Solar Project Comments Extended Due To Shutdown | KCET
Solar Project Comments Extended Due To Shutdown
The Bureau of Land Management announced Wednesday that it's extending the public comment period on a proposed desert solar project in Riverside County until November 14 to make up for October's shutdown of the federal government.
The shutdown took place right in the middle of the public comment period for the Draft Supplemental Environmental Impact Statement (SEIS) for the proposed Palen Solar Electric Generating System, which owners BrightSource Energy and Abengoa want to build in Riverside County west of Blythe.
During the shutdown, which lasted from October 1 through October 16, the 4,117-page Draft SEIS was completely unavailable to the public because the BLM's web page for the documents was offline. As ReWire mentioned October 10, that unavailability arguably meant the BLM would be violating the law if the deadline wasn't extended.
The original deadline for public comments on Palen was Thursday, October 24. The new November 14 deadline adds 22 days to the total effective comment period, meaning that the BLM has essentially provided the public with six days more in which to comment than would have been the case had the shutdown not interfered.
The extension, while great for protecting the public's right to comment, may come as bad news for Palen's owners BrightSource and Abengoa, which are seeking to develop the 500-megawatt concentrating solar plant as the joint venture Palen Solar Holdings (PSH). PSH is on a tight schedule for getting the project approved by the BLM and the California Energy Commission. Representatives for the company have said publicly that any delays in the project's approval threaten to derail backing from the project's lenders. PSH had hoped to have both the CEC and Interior Department sign off on the project by January.
The BLM's target date for a final decision on Palen had been January 17. But this 22-day delay may pose a serious obstacle to meeting that deadline. After public comments are gathered on the Draft SEIS, the BLM is legally obliged to weigh any substantive comments carefully as it drafts a Final SEIS, which then must be made subject to public comment.
Though the length of the comment period on a Final SEIS can vary, the law prohibits the Interior Department from publishing a Record of Decision either approving or denying the project until at least 30 days have passed since the Final SEIS is made available.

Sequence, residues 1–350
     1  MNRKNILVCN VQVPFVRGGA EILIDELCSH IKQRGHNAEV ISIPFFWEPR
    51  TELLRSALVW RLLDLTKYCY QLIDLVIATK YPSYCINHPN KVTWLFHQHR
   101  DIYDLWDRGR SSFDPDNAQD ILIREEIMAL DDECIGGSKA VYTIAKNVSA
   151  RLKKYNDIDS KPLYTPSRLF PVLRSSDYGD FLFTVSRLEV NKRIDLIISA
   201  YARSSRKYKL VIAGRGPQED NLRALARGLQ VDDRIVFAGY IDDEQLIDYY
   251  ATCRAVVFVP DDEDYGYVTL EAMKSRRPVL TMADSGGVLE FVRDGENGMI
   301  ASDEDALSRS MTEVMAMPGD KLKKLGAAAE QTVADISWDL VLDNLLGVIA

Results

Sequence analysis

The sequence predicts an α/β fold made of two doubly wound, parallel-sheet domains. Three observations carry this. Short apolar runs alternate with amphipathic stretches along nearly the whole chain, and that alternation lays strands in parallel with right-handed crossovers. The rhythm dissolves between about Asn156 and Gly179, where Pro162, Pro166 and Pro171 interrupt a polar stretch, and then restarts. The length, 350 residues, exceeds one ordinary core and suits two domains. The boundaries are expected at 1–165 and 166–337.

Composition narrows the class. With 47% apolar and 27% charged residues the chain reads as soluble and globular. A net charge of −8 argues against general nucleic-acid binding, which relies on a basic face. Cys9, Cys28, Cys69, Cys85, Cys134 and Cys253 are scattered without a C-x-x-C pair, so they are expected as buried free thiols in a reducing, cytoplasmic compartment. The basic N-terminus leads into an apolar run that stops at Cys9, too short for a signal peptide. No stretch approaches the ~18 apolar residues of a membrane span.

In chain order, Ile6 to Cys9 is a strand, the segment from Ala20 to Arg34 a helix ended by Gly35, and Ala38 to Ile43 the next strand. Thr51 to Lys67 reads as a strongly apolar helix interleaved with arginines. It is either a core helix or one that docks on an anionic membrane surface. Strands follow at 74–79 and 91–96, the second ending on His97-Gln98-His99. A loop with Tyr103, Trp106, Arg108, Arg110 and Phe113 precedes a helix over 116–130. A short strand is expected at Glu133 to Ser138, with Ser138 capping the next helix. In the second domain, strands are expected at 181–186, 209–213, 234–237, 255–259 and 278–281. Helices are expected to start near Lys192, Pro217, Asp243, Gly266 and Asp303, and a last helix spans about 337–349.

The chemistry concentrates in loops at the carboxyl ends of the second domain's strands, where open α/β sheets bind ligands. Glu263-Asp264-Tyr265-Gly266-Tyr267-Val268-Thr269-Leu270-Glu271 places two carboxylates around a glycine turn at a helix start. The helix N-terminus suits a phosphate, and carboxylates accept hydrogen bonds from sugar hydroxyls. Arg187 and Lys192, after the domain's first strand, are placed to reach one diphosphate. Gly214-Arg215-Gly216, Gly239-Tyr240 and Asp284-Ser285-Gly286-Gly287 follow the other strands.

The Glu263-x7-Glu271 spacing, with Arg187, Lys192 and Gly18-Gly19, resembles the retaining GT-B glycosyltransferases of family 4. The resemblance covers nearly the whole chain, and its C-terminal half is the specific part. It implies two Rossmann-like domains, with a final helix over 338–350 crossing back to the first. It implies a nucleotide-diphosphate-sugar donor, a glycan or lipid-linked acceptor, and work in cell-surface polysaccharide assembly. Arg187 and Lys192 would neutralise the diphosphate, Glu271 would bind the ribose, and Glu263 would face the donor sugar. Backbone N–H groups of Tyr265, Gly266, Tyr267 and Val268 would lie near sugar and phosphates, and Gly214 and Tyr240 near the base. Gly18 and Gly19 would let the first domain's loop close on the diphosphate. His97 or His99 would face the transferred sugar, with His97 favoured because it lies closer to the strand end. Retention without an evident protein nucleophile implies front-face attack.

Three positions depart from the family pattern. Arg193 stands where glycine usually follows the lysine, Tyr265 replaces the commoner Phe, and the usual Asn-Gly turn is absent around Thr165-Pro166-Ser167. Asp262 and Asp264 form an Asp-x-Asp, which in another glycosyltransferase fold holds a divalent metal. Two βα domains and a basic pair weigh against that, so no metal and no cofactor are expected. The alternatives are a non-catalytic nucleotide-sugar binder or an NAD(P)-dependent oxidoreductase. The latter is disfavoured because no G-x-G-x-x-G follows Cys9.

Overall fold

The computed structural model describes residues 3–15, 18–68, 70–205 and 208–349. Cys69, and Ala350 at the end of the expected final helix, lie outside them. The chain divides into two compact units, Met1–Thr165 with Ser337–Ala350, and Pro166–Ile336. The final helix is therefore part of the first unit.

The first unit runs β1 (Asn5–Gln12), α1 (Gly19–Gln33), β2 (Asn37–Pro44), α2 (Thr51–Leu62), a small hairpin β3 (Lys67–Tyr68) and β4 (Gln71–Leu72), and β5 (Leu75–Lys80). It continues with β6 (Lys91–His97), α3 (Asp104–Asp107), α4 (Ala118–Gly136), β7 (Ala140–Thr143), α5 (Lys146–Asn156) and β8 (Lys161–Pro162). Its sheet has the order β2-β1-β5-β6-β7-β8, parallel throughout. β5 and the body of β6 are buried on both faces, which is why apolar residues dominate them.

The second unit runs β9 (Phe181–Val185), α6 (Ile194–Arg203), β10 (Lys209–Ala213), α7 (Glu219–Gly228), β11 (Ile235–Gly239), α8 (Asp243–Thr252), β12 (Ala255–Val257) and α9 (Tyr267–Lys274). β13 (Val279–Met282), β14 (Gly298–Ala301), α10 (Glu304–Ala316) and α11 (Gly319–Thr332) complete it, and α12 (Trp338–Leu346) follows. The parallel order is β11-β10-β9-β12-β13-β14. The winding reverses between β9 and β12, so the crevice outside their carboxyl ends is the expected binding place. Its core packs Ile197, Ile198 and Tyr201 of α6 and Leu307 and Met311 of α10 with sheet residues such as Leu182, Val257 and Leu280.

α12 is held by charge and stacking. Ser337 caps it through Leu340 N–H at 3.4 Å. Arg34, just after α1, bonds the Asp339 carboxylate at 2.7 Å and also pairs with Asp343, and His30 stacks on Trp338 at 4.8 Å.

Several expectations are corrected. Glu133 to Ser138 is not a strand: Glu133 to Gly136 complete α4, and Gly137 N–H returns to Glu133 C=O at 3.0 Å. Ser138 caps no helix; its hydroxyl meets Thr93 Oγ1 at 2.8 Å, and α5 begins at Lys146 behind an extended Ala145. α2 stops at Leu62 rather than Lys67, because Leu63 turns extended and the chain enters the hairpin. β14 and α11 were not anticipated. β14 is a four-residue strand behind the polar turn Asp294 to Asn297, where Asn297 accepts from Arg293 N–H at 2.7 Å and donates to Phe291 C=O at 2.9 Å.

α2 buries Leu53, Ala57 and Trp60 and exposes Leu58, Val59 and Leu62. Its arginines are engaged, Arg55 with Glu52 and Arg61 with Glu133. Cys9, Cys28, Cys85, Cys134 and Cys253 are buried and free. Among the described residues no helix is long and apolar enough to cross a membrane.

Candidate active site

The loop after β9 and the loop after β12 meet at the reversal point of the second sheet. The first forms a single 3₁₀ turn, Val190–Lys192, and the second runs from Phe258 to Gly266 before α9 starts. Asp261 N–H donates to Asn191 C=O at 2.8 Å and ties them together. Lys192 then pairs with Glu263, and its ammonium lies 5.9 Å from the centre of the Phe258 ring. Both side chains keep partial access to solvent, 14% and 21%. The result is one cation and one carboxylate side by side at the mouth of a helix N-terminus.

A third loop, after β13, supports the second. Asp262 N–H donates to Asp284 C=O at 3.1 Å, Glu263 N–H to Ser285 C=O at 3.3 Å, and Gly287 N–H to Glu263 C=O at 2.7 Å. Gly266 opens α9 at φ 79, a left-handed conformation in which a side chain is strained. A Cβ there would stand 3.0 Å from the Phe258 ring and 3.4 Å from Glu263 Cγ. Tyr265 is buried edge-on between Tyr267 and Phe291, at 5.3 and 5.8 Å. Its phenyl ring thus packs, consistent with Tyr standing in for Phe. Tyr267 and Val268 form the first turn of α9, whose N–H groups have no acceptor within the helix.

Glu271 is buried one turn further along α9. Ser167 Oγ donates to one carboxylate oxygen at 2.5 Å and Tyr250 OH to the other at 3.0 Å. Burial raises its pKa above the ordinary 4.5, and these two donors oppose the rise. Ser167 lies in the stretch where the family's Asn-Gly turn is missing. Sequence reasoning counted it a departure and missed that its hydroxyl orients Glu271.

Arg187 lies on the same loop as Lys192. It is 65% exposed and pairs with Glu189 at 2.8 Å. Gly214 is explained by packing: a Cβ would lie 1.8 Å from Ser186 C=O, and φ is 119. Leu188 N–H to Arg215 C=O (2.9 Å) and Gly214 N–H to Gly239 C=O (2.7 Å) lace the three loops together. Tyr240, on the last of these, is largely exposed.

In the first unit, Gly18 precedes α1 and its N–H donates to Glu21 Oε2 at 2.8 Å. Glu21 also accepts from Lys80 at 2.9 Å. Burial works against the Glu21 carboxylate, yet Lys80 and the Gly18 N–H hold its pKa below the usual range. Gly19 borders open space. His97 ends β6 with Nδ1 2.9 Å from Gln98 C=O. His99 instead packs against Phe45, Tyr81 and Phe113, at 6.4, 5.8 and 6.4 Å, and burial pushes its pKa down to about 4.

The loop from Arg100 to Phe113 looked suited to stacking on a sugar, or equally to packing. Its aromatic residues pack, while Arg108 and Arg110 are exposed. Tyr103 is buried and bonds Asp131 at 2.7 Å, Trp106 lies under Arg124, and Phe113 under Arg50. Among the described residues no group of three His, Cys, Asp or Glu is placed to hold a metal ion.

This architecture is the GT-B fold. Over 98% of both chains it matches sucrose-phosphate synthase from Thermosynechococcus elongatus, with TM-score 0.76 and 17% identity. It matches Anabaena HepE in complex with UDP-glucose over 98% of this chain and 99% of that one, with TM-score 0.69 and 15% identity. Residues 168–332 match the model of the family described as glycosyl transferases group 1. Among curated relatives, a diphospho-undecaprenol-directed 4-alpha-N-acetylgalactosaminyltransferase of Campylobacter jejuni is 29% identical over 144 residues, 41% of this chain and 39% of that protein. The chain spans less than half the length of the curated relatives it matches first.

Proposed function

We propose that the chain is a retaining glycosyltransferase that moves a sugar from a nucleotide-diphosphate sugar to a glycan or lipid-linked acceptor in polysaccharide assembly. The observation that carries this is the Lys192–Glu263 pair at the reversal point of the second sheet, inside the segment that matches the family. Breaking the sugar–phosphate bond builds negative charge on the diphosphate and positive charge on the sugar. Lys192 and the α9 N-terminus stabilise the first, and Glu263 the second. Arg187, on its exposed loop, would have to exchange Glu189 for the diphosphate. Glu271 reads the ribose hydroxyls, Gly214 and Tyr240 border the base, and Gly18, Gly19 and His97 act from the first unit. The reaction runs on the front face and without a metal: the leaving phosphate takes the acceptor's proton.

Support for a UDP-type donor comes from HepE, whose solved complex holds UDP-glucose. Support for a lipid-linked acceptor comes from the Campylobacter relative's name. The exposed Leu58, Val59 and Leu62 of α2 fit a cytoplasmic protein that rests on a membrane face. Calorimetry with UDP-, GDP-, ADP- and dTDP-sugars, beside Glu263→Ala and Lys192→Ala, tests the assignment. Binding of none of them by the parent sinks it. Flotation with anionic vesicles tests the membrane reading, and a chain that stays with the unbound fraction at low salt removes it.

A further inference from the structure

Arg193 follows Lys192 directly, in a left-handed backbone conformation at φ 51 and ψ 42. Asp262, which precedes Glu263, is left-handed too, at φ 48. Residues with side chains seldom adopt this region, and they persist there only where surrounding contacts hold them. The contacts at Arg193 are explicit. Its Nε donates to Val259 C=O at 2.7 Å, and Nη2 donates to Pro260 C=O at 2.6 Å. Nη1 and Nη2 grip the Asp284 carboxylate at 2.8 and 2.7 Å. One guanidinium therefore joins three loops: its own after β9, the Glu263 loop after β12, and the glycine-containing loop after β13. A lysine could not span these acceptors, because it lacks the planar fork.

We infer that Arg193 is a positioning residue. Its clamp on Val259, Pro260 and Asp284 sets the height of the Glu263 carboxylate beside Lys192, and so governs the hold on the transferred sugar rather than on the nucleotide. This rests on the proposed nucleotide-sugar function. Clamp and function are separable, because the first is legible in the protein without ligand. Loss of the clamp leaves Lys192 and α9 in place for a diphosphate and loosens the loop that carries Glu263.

Which means that in order to meet that January 17 deadline, BLM staff would have to create and publish a Final SEIS in less than a month. That, given the backlog of other work that has piled up during the shutdown, may well be pushing it.
In related news, BLM's Nevada office has similarly extended the public protest period on the Final SEIS for First Solar's Silver State South project near the California state line in the Ivanpah Valley. That protest period had been scheduled to end October 21; it will now last until November 6.
Comments on the Palen Draft SEIS may be sent to the BLM's Frank McMenimen by mail at 1201 Bird Center Drive, Palm Springs, CA 92262; or by email at firstname.lastname@example.org.
For ongoing environmental coverage in March 2017 and afterward, please visit our show Earth Focus, or browse Redefine for historic material.
KCET's award-winning environment news project Redefine ran from July 2012 through February 2017.
After the screening, KCET Cinema Series host Pete Hammond conversed with director Fernando Ferreira Meirelles (City of Gold), and writer Anthony McCarten.
All around the United States is a 100-mile border zone where one can be searched and one's things seized. Policies way beyond what the constitution allows is regularly implemented. Artists drew on select sites. Here's what they realized.
Created by policymakers in the 1940s, the border zone extends 100 miles inland from the nation’s land and sea boundaries and houses nearly two-thirds of the U.S. population. It's also where the 4th amendment rights of the people have been subverted.
We have forgotten how to be medicine to the land, and to ourselves. The members of Syuxtun Collective are revisiting lost indigenous wisdom of learning and listening, of harvesting and preparing plant medicine in participation with nature.
- 1 of 219
- next ›